1. Peer-review pressure: Fake science is being published, for a fee (NPR)
An experiment by "Science," a leading mainline journal, concluded that many online journals are ready to publish bad research in exchange for a fee. The result should trouble doctors, patients, policymakers, researchers cheated out of meaningful feedback, and anyone who has a stake in the integrity of science (read: everyone).
Deliberately faked research was submitted 305 times — more than half the journals accepted it, failing to flag the fatal flaws noticeable to "anyone with more than high-school knowledge of chemistry."
2. Latino education gap threatens California’s future (KPCC)
Despite a decade of effort, educators have failed to close the achievement gap for the state's largest minority group.
Latinos scored a hundred points less than their white counterparts, and more than 150 points below Asian students, on this year's California's Academic Performance Index. It could be years before the public knows whether Common Core will help Latinos.
3. They can't shut down resourcefulness: Locked out of a national park? Try a state one instead (KPCC)
The shutdown of the federal government has resulted in the furlough of more than 21,000 park service employees and the closure of 401 national parks — including nine in California — like Yosemite, Sequoia and Joshua Tree.
Luckily, California boasts a robust system of more than 270 state parks and other natural, cultural and recreational resources. A spokesperson for Mount San Jacinto State Park told KPCC the state park will remain open, but certain campgrounds had to cave to federal closures.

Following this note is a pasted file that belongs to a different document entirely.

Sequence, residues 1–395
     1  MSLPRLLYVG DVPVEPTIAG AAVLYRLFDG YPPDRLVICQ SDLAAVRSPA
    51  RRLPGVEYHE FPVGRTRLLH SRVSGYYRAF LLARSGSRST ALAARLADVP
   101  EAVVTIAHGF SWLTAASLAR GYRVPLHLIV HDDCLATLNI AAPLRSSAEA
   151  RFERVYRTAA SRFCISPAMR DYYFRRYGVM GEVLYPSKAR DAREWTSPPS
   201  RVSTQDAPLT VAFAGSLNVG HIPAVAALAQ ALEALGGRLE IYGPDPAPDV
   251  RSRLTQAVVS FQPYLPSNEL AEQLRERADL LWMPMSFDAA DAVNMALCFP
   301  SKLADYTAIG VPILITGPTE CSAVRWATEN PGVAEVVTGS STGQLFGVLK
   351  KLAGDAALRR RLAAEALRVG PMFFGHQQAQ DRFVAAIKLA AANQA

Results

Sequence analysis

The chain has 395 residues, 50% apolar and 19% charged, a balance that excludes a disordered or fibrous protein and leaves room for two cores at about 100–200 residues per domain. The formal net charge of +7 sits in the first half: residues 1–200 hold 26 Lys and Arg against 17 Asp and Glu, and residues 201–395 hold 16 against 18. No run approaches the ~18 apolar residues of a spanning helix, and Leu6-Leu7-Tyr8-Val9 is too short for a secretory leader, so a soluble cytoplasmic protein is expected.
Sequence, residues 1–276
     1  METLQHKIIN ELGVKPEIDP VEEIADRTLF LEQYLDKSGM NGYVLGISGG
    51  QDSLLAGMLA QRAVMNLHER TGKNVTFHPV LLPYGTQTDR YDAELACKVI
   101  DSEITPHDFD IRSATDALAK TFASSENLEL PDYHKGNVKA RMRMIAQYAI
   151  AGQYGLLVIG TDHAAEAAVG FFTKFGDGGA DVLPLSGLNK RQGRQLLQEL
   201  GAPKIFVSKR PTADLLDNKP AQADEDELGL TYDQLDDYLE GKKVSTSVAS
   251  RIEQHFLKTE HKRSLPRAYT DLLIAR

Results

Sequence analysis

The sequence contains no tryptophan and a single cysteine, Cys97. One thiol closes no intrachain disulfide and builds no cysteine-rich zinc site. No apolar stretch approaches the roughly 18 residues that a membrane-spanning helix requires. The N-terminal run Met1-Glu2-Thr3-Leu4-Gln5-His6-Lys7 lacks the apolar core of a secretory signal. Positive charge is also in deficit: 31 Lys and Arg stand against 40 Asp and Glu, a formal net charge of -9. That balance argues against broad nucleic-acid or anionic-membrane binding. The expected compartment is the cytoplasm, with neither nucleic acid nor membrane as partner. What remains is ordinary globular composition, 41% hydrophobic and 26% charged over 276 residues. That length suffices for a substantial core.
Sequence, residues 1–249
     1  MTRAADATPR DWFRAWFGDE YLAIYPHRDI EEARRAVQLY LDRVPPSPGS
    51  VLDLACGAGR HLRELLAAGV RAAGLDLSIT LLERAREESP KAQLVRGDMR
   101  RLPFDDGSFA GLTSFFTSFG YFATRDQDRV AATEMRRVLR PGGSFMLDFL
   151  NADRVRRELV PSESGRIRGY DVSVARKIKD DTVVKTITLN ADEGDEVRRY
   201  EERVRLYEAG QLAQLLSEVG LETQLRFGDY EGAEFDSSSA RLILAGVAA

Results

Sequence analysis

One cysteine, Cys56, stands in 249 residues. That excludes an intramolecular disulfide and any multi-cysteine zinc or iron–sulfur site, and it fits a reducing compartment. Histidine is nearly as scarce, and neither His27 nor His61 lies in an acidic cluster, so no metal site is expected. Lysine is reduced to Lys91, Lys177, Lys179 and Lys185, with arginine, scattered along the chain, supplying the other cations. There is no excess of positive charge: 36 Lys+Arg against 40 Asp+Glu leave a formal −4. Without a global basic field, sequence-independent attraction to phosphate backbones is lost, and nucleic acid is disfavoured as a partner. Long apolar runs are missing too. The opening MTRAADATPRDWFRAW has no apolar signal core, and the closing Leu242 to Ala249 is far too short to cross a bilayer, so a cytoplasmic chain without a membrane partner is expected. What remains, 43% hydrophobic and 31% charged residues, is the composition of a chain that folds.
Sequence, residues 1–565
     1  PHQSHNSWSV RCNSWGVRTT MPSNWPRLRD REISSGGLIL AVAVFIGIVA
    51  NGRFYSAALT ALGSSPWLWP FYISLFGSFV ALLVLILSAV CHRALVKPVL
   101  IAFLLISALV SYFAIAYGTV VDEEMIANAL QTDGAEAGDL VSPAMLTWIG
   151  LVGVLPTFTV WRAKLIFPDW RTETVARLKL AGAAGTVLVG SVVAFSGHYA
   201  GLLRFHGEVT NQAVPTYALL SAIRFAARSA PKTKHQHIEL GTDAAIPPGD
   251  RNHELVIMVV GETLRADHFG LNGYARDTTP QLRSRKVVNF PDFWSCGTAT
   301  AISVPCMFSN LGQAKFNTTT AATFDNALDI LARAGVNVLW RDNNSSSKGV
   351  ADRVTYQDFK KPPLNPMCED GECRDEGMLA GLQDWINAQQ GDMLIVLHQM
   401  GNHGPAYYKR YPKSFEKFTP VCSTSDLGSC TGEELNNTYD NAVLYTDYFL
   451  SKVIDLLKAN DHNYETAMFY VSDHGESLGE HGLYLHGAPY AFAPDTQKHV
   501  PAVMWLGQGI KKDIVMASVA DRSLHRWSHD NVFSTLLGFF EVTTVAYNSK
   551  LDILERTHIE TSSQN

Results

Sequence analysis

4. 'Siri, who are you?' (The Verge)
Siri may have outed herself. The Verge reports on a CNN article that reports on a Verge article about synthesized speech — a story that Susan Bennett says prompted her to come forward to CNN after being suspected of the voice behind Apple's virtual assistant, Siri.
Apple did not comment and her lawyer could not confirm, but Bennett says she's the voice, and that it was recorded in 2005 for an undisclosed project. As fate (?) would have it, today is the second anniversary of Siri's grand unveiling.
5. Maywood: A tiny town with 3 private water companies, and questionably drinkable tap water (KPCC)
In the southeast L.A. County town of Maywood, people have long complained about tap water being yellowed and smelling of rotten eggs. Now, there’s a bill awaiting Gov. Jerry Brown's signature that could provide funds to clean up the city’s water – and water politics.
For years people have been concerned about cost and quality. Neighbors are paying different rates and, at times, for varying quality of water described by residents as "dirty," "kind of brown," and "almost like tea."
6. Latin America gets its own 'Breaking Bad'— starring Walter Blanco and Jose (KPCC)
Goodbye Walter White and Jesse. Hola Walter Blanco and Jose. While we're still mourning the series finale of AMC's "Breaking Bad" from this past Sunday, there's a little comfort in knowing a spinoff of the Emmy-winning drama is on its way to Spanish-language television. Telenovela style.
"Metastasis" is Latin America's story of a struggling high school teacher who is diagnosed with inoperable lung cancer and turns into a major meth kingpin. Sound familiar?
7. Healthier legislation on the transparency of 'Covered California' (KPCC)
Governor Jerry Brown this week signed legislation that removes a shield of secrecy around Covered California, the state-run health insurance marketplace.
The new law removes provisions, uncovered earlier this year by the Associated Press, that have allowed Covered California to conduct its business without public scrutiny or legislative oversight. The law empowers the Legislative Audit Committee to inspect all Covered California contracts.